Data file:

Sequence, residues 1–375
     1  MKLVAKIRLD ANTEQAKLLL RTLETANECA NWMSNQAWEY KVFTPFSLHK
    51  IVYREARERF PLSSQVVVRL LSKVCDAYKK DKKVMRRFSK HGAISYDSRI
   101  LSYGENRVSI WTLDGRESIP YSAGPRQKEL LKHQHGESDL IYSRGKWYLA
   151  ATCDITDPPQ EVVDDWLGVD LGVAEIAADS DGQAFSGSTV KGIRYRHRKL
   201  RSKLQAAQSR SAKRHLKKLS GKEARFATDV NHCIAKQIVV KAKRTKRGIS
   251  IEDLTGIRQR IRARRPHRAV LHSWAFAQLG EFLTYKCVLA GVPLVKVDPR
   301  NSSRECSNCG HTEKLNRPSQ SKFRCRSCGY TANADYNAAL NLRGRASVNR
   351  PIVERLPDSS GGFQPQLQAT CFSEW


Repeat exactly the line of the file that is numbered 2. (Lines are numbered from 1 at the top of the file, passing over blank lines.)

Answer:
     1  MKLVAKIRLD ANTEQAKLLL RTLETANECA NWMSNQAWEY KVFTPFSLHK